Russian cyberculture. Does it exist? How does cyberculture develop in a country, which was isolated from the west for the entire cold war era? Mother Russia has been on the ropes lately. Still having the Soviet habit to insulate its people from the “evil West”, the Russian government was very careful in letting Internet technology in to the territory of its Empire. There are still many people in Russia who have no skills in Internet usage. Those people include the young as well as the older generations. Most Russians still have the wrong idea about computers.
This was imposed by a Soviet education system which forced people to studyfirst versions of boring programming languages. These people assume that computers are as complicated as Math. Specialized magazines promote that opinion using difficult terminology in their articles to describe simple things. The author of an article says: “Internet is a magic and interesting device, simple as a telephone, but surrounded with myths and stereotypes. Internet is like a monster sitting on the golden treasure. Non-users are like a crowd of people standing near the monster’s cave and afraid of going in without a guide. There are also guardians who are sitting in front of the cave and saying terrible fairy tale stories about the monster”.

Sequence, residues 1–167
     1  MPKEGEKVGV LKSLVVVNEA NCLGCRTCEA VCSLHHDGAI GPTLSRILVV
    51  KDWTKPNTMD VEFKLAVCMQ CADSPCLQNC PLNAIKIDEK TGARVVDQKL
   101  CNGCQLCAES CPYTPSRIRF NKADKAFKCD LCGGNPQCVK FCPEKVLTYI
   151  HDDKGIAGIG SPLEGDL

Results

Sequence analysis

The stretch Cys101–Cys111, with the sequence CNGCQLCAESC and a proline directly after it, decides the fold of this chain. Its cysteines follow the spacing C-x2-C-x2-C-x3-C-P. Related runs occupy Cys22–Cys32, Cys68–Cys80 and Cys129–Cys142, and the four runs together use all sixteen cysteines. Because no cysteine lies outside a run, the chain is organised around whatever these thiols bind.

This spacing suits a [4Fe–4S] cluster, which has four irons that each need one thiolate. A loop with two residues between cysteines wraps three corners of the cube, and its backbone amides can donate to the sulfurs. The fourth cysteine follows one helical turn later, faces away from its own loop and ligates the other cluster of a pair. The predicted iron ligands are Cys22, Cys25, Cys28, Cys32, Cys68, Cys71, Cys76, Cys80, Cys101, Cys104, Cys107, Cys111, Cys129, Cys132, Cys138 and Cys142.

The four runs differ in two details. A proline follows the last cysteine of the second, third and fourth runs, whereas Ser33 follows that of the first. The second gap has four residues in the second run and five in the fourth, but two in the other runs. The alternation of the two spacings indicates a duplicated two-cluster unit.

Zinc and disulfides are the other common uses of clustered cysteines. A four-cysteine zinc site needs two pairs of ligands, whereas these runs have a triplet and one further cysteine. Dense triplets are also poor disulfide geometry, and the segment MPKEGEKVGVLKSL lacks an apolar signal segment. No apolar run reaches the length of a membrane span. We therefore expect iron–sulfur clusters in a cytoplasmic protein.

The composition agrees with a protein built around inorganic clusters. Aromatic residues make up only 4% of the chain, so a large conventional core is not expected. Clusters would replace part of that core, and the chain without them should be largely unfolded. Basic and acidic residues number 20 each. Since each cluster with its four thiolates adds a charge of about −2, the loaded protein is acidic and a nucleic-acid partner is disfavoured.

The Internet was more political than technological in Russia. It threatened to impose its ideas in people’s heads. As a rule, it was a political activity, which tended to put ideology into the nationional mind. As a rule, it failed in comparison to technology.
It was not within the power of the government to stop progress. Consequently, a phenomenon known as cyberculture appeared. Internet suggests it is a user service, not an ideology.
Governments assume that through all kinds of service people can be influenced with new/different ideology. They see a political problem here. This problem is not “how to protect Internet users and to regulate their …